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  1. #1
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    Special Characters Best Practice

    I'm trying to sanitize my code and be coherent throughout.
    What is the best practice when dealing with special characters to submit form data to a MySQL database?

    For example I have a form:

    <input name="city" value="Montréal">

    When I submit this to the DB, I use htmlentities:

    $h_city = htmlentities($city, ENT_QUOTES);
    INSERT INTO tablename city = '$h_city'

    To display this field on a web page I use:

    $h_city = html_entity_decode($city, ENT_QUOTES);
    echo $h_city;

    and I get Montréal which is perfect.

    1) Is this the best way to deal wit special characters?

    2) When I look at the data in phpMyAdmin, the field becomes Montr&Atilde;&copy;al. Is this normal?

  • #2
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    PS: Shouldn't it be encoded as Montr&eacute;al?

  • #3
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    When I look at the data in phpMyAdmin, the field becomes Montr&Atilde;&copy;al. Is this normal?
    The sequence '&Atilde;&copy;' is what usually shows up after text is mangled by incorrect character encoding (for instance, modifying a UTF-8 string with non UTF-8 methods). This is due to the fact that some encoding uses 2 bytes for a character, but when a function is not handling it properly, it turns the 2nd byte into the actual character. The fact that they were turned into their proper HTML entities means that it happens somewhere before you apply the htmlentities.

    Do some debugging (for instance, put out a few echoes) while you are processing the strings. And consider using the mb_* (multi-byte) string functions.

    EDIT: It's very possible that one of the functions you're using to encode the HTML entities does not do well with multibyte encoding.

    What is the best practice when dealing with special characters to submit form data to a MySQL database?
    What is your purpose? Displaying proper output or preventing injection attacks?

    Displaying proper output, you would probably not use htmlentities until you actually display the text. Otherwise, if someone wants to edit their post/profile they will get &eacute; in their field, which doesn't look nice.

    Preventing injection attacks is relatively easy and very secure when using prepared statements and mysql_escape_string().
    Last edited by aedrin; 08-24-2007 at 04:15 PM.

  • #4
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    Thanks for your reply aedrin.

    I was able to locate where the problem was happening. I added UTF-8 to the htmlentities function and the translation worked properly:

    $h_city = htmlentities($uc_city, ENT_QUOTES, "UTF-8");

    Montréal becomes Montr&eacute;al

    Now when I display this entry, the special characters are shown as question marks. I tried to change $h_city = html_entity_decode($city, ENT_QUOTES); to this $h_city = html_entity_decode($city, ENT_QUOTES, "UTF-8"); but it gives me an error:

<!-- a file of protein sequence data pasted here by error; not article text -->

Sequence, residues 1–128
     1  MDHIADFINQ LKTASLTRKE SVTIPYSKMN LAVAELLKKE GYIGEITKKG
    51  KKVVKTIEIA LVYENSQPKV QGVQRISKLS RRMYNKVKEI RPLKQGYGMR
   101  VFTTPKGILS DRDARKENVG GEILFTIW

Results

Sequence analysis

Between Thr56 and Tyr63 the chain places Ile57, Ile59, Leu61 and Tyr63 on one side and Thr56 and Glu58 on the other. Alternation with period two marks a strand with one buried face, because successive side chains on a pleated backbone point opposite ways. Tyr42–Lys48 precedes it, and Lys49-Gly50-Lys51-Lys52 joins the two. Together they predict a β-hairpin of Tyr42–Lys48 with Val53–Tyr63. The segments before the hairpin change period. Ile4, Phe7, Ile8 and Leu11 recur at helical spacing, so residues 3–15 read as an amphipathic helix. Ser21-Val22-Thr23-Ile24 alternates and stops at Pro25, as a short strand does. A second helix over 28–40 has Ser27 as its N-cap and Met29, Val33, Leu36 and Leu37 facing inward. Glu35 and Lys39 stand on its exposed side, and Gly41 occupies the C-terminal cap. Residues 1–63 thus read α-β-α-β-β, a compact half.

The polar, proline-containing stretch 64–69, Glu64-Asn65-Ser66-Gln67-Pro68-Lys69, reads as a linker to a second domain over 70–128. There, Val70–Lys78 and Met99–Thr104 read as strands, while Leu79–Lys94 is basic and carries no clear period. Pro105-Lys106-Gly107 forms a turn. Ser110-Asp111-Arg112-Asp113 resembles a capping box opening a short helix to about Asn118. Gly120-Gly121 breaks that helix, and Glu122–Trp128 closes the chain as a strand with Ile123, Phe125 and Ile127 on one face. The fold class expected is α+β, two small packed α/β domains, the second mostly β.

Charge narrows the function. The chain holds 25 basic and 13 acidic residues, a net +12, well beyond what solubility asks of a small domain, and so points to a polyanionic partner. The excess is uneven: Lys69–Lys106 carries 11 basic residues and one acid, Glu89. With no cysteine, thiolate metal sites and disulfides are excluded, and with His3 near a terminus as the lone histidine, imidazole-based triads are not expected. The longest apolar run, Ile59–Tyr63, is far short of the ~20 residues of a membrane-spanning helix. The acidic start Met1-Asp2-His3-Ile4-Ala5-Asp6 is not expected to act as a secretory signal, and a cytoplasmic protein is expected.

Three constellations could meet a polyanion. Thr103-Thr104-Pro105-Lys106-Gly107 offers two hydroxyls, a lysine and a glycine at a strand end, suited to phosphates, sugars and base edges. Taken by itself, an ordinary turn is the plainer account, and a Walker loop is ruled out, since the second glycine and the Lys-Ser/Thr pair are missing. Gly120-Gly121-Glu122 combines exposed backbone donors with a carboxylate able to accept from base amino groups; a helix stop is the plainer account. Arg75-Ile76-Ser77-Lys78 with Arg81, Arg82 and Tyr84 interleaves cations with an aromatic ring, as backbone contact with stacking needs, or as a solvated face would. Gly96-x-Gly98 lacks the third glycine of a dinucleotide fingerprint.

Warning: cannot yet handle MBCS in html_entity_decode()! in /home/httpd/vhosts/xxxxx.com/httpdocs/0new/result_parties.php on line 466

    To answer your last question, the purpose is to display proper output.

  • #5
    Senior Coder rafiki's Avatar
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    heres a good fix
    PHP Code:
    <?php
    function html_entity_decode_utf8($string)
    {
        static 
    $trans_tbl;
       
        
    // replace numeric entities
        
    $string preg_replace('~&#x([0-9a-f]+);~ei''code2utf(hexdec("\\1"))'$string);
        
    $string preg_replace('~&#([0-9]+);~e''code2utf(\\1)'$string);

        
    // replace literal entities
        
    if (!isset($trans_tbl))
        {
            
    $trans_tbl = array();
           
            foreach (
    get_html_translation_table(HTML_ENTITIES) as $val=>$key)
                
    $trans_tbl[$key] = utf8_encode($val);
        }
       
        return 
    strtr($string$trans_tbl);
    }

  • #6
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    Thanks for this, it's a bit beyond my capacities as far as complexity, so I went ahead and tested it but I am getting a parse error for the first curly bracket.

    So is this something I need to do for each field I want to output?

  • #7
    Senior Coder rafiki's Avatar
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    you need this too sorry
    PHP Code:
    function code2utf($num)
    {
        if (
    $num 128) return chr($num);
        if (
    $num 2048) return chr(($num >> 6) + 192) . chr(($num 63) + 128);
        if (
    $num 65536) return chr(($num >> 12) + 224) . chr((($num >> 6) & 63) + 128) . chr(($num 63) + 128);
        if (
    $num 2097152) return chr(($num >> 18) + 240) . chr((($num >> 12) & 63) + 128) . chr((($num >> 6) & 63) + 128) . chr(($num 63) + 128);
        return 
    '';


  • #8
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    Rafiki, rather than post random functions, explain what they do (or what they do different) and how to use them.

    And if you did not write them yourself, give credit where credit is due.


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